New insights in cancer, cancer immunogenesis and circulating cancer cells

Larry H. Bernstein, MD, FCAP, Curator

https://pharmaceuticalintelligence.com/2016/04/15/new-insights-in-cancer-cancer-immunogenesis-and-circulating-cancer-cells/

 

Prognostic biomarker for NSCLC and Cancer Metastasis

Larry H. Bernstein, MD, FCAP, Curato

https://pharmaceuticalintelligence.com/2016/03/24/prognostic-biomarker-for-nsclc-and-cancer-metastasis/

 

Monitoring AML with “cell specific” blood test

Larry H. Bernstein, MD, FCAP, Curator

https://pharmaceuticalintelligence.com/2016/01/23/monitoring-aml-with-cell-specific-blood-test/

 

Diagnostic Revelations

Larry H. Bernstein, MD, FCAP, Curator

https://pharmaceuticalintelligence.com/2015/11/02/diagnostic-revelations/

 

Circulating Biomarkers World Congress, March 23-24, 2015, Boston: Exosomes, Microvesicles, Circulating DNA, Circulating RNA, Circulating Tumor Cells, Sample Preparation

Reporter: Aviva Lev-Ari, PhD, RN

https://pharmaceuticalintelligence.com/2015/03/03/circulating-biomarkers-world-congress-march-23-24-2015-boston-exosomes-microvesicles-circulating-dna-circulating-rna-circulating-tumor-cells-sample-preparation/

 

 

 

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A novel 5-gene pancreatic adenocarcinoma classifier: Meta-analysis of transcriptome data – Clinical Genomics Research @BIDMC

Curator: Tilda Barliya, PhD

Analysis of  Bhasin et al paper and Literature search

Table 1: 5-genes classifiers as biomarkers for PDAC:

Gene symbol Gene name Subcellular localization
ECT2 Epithelial cell transforming sequence 2 oncogene Nucleus, cytoplasm
AHNAK2 AHNAKE nucleoprotein 2 Plasma membrane, cytoplasm
POSTN Periostin, osteoblast specific factor Extracellular space
TMPRSS4 Transmembrane protease, serine 4 Plasma membrane

 

SERPINB5 Serpin peptidase inhibitor, clade B (ovalbumin) member 5 Extracellular space


Introduction
:

  • Bhasin et al, conducted a beautiful study using a powerful meta-analysis from different sources to identify the “important/classifier” genes associated with Pancreatic Cancer (PDAC).
  • The authors identified 5 genes that were considered as good classifiers (table 1).
  • It is important to note that the meta-analysis was performed on tissue and microdissection samples.
  • In their summary, the authors aim to validate these genes in blood/urine samples.
  • While these genes might be over expressed in tissue samples it may not be true to their existence in blood and careful examination and validation is required.
  • Liquid biopsies are emerging as the go-to use tools for disease detection, mostly aimed for early diagnosis.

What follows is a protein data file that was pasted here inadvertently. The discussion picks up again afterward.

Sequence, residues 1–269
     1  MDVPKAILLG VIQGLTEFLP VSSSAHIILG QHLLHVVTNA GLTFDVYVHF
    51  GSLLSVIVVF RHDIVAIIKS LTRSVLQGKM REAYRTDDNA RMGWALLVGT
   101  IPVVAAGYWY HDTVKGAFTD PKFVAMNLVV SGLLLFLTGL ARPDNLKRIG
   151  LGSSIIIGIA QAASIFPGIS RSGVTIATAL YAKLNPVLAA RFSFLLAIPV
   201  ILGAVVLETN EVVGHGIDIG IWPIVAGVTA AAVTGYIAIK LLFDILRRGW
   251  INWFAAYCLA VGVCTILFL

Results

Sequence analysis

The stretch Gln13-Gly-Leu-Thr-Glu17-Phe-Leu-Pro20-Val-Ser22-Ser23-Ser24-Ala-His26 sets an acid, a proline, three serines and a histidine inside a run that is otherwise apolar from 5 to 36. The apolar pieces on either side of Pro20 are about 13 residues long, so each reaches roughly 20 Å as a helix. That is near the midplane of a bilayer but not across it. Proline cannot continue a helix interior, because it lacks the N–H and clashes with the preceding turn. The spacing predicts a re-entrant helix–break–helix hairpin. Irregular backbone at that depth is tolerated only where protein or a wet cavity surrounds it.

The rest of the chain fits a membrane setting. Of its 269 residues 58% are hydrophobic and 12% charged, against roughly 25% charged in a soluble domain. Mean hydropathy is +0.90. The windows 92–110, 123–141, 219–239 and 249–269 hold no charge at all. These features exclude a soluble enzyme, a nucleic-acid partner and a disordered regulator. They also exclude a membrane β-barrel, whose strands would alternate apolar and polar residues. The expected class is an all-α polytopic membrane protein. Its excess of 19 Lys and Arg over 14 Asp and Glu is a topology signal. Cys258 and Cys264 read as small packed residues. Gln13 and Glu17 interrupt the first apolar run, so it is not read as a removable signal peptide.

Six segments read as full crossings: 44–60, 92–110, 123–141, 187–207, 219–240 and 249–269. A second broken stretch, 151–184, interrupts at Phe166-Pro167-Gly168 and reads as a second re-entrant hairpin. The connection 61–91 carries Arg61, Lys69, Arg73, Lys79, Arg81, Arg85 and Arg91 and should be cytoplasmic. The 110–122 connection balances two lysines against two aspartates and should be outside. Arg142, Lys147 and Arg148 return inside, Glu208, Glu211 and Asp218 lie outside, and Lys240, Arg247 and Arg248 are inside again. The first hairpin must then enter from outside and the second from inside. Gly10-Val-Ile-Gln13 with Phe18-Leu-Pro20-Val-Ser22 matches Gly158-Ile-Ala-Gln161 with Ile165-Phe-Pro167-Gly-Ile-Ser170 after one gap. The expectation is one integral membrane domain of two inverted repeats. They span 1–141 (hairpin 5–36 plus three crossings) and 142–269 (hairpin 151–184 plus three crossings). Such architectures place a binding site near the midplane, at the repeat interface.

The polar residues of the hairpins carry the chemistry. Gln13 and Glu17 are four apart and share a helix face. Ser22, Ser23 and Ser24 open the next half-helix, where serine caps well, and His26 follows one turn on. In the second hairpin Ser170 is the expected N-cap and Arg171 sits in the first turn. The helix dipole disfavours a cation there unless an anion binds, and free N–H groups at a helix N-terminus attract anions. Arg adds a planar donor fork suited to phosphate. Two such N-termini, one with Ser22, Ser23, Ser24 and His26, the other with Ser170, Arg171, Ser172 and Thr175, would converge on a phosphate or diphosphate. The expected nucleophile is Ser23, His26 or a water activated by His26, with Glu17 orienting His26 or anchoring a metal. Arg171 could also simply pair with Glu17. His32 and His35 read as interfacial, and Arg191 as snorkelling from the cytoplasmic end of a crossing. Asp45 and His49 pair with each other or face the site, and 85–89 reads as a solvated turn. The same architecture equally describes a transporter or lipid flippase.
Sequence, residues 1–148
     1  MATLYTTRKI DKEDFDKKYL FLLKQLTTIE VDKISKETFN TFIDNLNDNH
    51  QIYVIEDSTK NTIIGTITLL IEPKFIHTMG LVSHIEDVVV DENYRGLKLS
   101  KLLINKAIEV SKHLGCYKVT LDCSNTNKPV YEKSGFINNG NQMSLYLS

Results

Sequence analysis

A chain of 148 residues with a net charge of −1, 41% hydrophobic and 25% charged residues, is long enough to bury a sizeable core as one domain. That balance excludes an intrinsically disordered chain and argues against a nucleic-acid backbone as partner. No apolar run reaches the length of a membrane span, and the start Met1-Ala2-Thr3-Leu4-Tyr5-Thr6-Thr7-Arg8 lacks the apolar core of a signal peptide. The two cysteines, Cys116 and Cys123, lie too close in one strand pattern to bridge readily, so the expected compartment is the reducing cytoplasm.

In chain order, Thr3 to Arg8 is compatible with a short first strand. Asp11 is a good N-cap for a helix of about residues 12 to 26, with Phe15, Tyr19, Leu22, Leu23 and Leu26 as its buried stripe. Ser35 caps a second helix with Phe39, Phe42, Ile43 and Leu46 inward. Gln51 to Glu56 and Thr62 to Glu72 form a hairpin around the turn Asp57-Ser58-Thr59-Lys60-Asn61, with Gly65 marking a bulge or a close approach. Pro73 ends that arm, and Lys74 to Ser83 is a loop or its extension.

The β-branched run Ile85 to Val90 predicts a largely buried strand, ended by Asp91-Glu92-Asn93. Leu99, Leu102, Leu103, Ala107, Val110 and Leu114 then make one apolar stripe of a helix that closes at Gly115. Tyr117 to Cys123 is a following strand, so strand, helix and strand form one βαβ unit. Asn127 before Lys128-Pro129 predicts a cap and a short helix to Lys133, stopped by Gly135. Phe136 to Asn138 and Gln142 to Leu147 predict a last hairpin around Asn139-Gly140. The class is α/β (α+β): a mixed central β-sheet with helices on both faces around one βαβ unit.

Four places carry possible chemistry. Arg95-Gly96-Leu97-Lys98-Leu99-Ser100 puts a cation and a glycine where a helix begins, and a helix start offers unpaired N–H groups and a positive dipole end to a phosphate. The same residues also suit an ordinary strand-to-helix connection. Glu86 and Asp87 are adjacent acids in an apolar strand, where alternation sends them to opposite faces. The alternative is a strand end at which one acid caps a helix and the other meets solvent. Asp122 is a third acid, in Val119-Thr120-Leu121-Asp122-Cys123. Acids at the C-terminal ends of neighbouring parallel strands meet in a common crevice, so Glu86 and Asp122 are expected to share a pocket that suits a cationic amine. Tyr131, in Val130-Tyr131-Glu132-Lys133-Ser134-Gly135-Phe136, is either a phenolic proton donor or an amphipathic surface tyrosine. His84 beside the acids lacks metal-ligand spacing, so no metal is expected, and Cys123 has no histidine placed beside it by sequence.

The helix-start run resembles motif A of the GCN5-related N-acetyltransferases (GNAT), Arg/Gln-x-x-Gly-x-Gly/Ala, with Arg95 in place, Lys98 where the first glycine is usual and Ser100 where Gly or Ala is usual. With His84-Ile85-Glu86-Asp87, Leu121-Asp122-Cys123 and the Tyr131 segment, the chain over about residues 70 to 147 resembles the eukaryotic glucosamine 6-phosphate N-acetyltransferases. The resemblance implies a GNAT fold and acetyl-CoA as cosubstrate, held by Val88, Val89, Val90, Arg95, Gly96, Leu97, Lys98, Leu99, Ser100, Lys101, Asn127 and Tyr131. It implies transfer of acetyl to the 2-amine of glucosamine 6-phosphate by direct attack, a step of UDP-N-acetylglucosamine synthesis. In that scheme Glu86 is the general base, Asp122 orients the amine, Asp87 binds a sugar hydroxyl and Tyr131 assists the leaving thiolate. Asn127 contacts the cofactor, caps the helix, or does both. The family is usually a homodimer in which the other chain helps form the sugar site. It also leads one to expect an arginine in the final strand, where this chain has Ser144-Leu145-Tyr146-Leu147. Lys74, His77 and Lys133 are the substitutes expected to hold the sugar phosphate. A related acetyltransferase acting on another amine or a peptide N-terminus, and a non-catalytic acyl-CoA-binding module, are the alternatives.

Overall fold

• Liquid biopsies are non-invasive biopsies of blood, urine (potentially saliva) and their “exotic” components, i.e miRNA, exosomes etc.
  • Since Liquid biopsies are non-invasive, they are painless and patients are more complied.
  • It is important to note that there is a gap between the expression of a gene or a protein in tissue section and their expression in the blood and may not necessarily correlate.
  • It will be very interesting to follow their research and future outcomes.

Additional References:

  • TMPRSS4: an emerging potential therapeutic target in cancer.

https://www.ncbi.nlm.nih.gov/pmc/articles/PMC4453593/

  • The tumour trail left in blood

http://www.nature.com/nature/journal/v532/n7598/full/532269a.html

Aashir Awan, PhD, wrote on 12/28/2016

I was wondering if these same 5 genes were upregulated in the pancreatic ductal adenocarcinoma cell lines that are available out there.  In doing cell biology work, there is always a dilemma whether cancer cell lines correctly re-capitulate in vivo tumors or not.  Personally, I prefer primary cell lines to do analysis but this finding can be used to test primary vs cell line.  In addition, I’ve attached the gene network for Ect2.  If you look carefully, the two big proteins that jump out are RACGAP1 and KIF23.  I think in designing therapies, combinatorial targets can yield the best outcomes.  Drugs directed towards two or more targets would seem ideal in my opinion.

ect2

Gene Network for Ect2

Original Research
Oncotarget. 2016 Apr 26;7(17):23263-81. doi: 10.18632/oncotarget.8139.

Meta-analysis of transcriptome data identifies a novel 5-gene pancreatic adenocarcinoma classifier.

Abstract

PURPOSE:

Pancreatic ductal adenocarcinoma (PDAC) is largely incurable due to late diagnosis. Superior early detection biomarkers are critical to improving PDAC survival and risk stratification.

EXPERIMENTAL DESIGN:

Optimized meta-analysis of PDAC transcriptome datasets identified and validated key PDAC biomarkers. PDAC-specific expression of a 5-gene biomarker panel was measured by qRT-PCR in microdissected patient-derived FFPE tissues. Cell-based assays assessed impact of two of these biomarkers, TMPRSS4 and ECT2, on PDAC cells.

RESULTS: